If I were to do one of those free association tests to the word ‘woman’, the first thought to enter my mind is one of ‘sexual violence’.
This comes first and then the words of a song from Calamity Jane tumble into my brain,
‘A woman’s touch can do so much.’
Most likely because I saw the musical recently.
Woman – inequality. Woman small: too small or too big. Silent or too loud.
Woman, a creature who is defined by all the things she must not do, or be, or say.
Woman, the missing rib, the appearance of things, bosoms, that almost unthinkable word from when I was a child growing up.
The Virgin Mary in her blue gown, her dainty foot on top of the snake and a look on her face that suggests she has no notion in her head of what is going on at her feet.
Woman equals innocence.
Or its opposite, rat cunning, treachery, malice.
When I was a child and sat through Sunday mass, bored to desperation by the priest’s drone, I took to staring at the faces of people nearby, in so far as I could get a look at them and not just the back of the heads of the people in the pews ahead.
I never looked at the men. They all looked the same, short neat hair or bald, suit coats or thick jackets in winter, yellowing white shirts and nondescript ties even in summer.
But the women were different in shape and size and colour.
I took pleasure in singling out those females who to my mind were the most beautiful. I wrote lists in my mind.
First, out of obligation, I listed the Blessed Virgin Mary and in second place, although I knew she would not pass in a beauty contest, I put my overworked careworn mother.
Second out of love and recognition and for the way she looked in her photographs from the days before she married my father, when she showed off her movie star looks, dark hair, tied back in a French bun, clear white skin and bright eyes.
My mother came second out of love.
And then the fun began.
My third-grade teacher, Miss Anderson, tall and thin with black hair scraped off her face in a tight bun was my actual favourite followed by a woman I saw in church every Sunday. A woman I did not know but followed with my eyes. A woman who reminded me of Ava Gardiner, the star my mother singled out on the television, second in beauty to Grace Kelly.
Poor grace Kelly, one of my mother’s chosen women, chosen both for her beauty and her cascading curls, and because she was married to the Prince of Monaco. But she died too soon in a car accident.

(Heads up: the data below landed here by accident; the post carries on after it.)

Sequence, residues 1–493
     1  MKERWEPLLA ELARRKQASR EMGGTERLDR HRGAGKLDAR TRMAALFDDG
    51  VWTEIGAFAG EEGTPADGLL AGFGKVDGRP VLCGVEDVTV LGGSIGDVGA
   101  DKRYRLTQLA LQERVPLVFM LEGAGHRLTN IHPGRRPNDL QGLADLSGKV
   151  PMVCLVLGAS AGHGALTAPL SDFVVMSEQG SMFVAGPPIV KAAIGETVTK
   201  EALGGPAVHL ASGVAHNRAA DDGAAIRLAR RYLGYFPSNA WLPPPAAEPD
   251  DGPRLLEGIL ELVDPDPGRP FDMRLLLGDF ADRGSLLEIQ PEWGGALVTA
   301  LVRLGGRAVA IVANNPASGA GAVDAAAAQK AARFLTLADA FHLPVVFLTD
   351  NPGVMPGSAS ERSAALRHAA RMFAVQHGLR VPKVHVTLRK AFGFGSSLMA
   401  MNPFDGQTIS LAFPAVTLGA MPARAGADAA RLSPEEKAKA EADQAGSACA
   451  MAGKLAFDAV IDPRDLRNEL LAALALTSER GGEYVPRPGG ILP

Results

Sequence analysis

Today, I do not go for looks. I go for the mind. Virginia Woolf, Elizabeth Barret Browning, because of her poetry: ‘How do I love thee…’ and for her romantic escape from a possessive father into the arms of the poet Robert Browning.
But why as I sit here, do so few women come to mind from today.
The women who slip in are poets like Emily Dickinson, and writers like the Bronte sisters and Jane Austen, even Sylvia Plath. Women whose lives were marked by sorrow.
I can have my female heroes from today but it’s like I’m looking into a crowded room, rather like the senate in Australia and although there are a few shiny faces of women present in their colourful clothing, the men in suits dominate.
Always the men in suits, the men shackled by their uniform of respectability and control, controlling them as much as those uniforms impose a right to inflict control over others.
No wonder I relish the transgender movement where people are now freer to experiment with their gender, to dip in and out of their femininity and masculinity.
Now there’s a hero, Hannah Gadsby, her position in the world, ‘a little bit lesbian’, as she likes to say, in her more masculine clothes, her soft face etched by a bob of hair cut in a way that disguises her gender.
And her sharp mind, a mind that recognises one of the puzzles of art history, the way the women in the paintings of the old masters lacked a spine or must have done so, according to Gadsby, because in almost every painting from those days with few exceptions the painted women rest on their sides or drape their bodies across a chair.
And always the style of their dress seems half finished, as if they lack the capacity to do up buttons. So often, as Gadsby observes, one breast flops only the rim of their blouse as if they lack the capacity to tuck it in or to hold their clothes firmly together.
When I think of women, I see them through the male gaze, even as a small child. And though I can imagine now that in those days when I wondered about the most beautiful woman in church and wrote down my lists of desire, this came from a need to rekindle the feeling of being a baby in her mother’s arms.
My mother then, any baby’s mother then, the most beautiful woman in the world.
Could it be it begins as most things begin, with mothers and babies. Though where then do the fathers fit in, those seed-bearing men who start the process through their desire that is also kindled in their mother’s arms?
And why do things go so terribly wrong that as much as mothers are admired like the virgin Mary, idealised and propped up like saints, they are also despised.
As a woman – another of Gadsby’s beliefs – you’re either a prostitute and sexually available, or a virgin and there is nothing in between.
I used to think of homosexuality as sexually driven but more recently after I have spent time with gay people, I realise it’s as sexually driven as being straight. Sex is only a part of it. Again, perhaps because that’s where it begins in infancy, at conception, in the making and maintaining of life.
But there’s so much more to us woman than mere producers of life. As there is so much more to all people, women, men and all those who traverse the genders more freely.